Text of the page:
The Literary Agent’s Role

For many years, I’ve been teaching writers about the book business, book proposals, magazine writing and the craft of writing. I shudder to think about those first few writer’s workshops where my own background was limited and what I could actually give to others was limited as well. Those writing tapes are probably still floating around some place. Occasionally someone will write and tell me they are listening to one of those old sessions. If that writer gets something out of it, then great but I’m a little unsure about that information because I’m constantly learning and growing in my craft.

I’ve met and worked with a number of outstanding literary agents. Also I’ve fired a few of them. There is great diversity among agents and each writer has to find the right match for their project and their particular needs. Many people have encouraged me to become a literary agent and I’ve resisted with all sorts of excuses which were mostly lame as I look at them. I’m in the process of telling people about Whalin Literary Agency. It’s taken me a few weeks to get some of the business structure for the agency in place (and that will continue to improve).

For most publishers, agents are serving as the developers and refiners of writer’s ideas. As an editor, I’ve often seen book proposals or manuscripts which could be improved–and maybe seriously considered for my publisher. Yet with the flood of submissions (which numerous people estimate to be in the millions), the editor can’t do much except send a form rejection. I’ve attempted to help writers through articles, these entries, Book Proposals That Sell and other venues such as teaching at writer’s conferences. As a literary agent, I will be taking on the role of helping writers shape their ideas and proposal packages into something compelling. I’ll be working back and forth with these authors to refine their proposals before sending them to various editors. I’ll also be looking at the big picture of their career and discussing where they want to go in the long run and planning the steps to get there. Then I’ll be fulfilling the other roles of a literary agent such as negotiating the contract, handling the business aspects and stepping in to help the writer if there is any problems in the process.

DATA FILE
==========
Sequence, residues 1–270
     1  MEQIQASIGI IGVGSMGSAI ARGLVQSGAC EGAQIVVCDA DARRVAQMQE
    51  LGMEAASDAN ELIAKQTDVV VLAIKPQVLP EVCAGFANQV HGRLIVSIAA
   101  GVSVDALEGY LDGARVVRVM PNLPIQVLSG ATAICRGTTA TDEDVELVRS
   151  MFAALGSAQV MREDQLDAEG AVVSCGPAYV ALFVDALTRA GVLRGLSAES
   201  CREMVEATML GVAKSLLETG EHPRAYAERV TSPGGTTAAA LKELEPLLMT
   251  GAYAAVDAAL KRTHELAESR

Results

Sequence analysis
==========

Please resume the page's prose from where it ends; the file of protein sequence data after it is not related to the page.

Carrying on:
My personal vision about how I will handle my role comes from years of working with many literary agents. I continue to learn from these colleagues. I’m glad for the opportunity and expectant about my future. I’d encourage you to check out my agency website.

5 Responses to “The Literary Agent’s Role”

  1. David A. Todd Says:


    Best of success in your new endeavor.


  2. Helen Bratko Says:

    Hi Terry, I am currently reading Book Proposals that Sell and have spent hours browsing the websites recommended in your book. I am a new writer and am amazed at the plethora of information to sort through to consider becoming a published author.

    While it seems overwhelming to me, but I am soaking it up as best I can. I hope to meet you when I attend the Mt. Hermon Writing Conference.

    I’m glad to hear you are becoming an agent. I “get” your heart to really help writers become published authors, and appreciate that!

    ~ Helen Bratko

  3. Anita Says:


    I am on the Writers View and have followed your career from the wings as a freelance editor for many of the main houses (including Howard). Now I’ll hop into the light long enough to say good luck in your latest challenge. How exciting for you and your authors. God bless!

    Anita Palmer
    The Strong Word / Communication Services

  4. Bonnie Calhoun Says:

    Congratulations…you’re on the road to success! LOL…not that your not already a success! But new paths are always fun and challenging when the Lord leads!

    I’d send you a welcome plant for the office but they don’t translate well in email! 🙂

  5. Terry Whalin Says:

    My appreciation to each of you for the kind words about Whalin Literary Agency. Now the proof is in the pudding–send me some great material and some dynamic authors.


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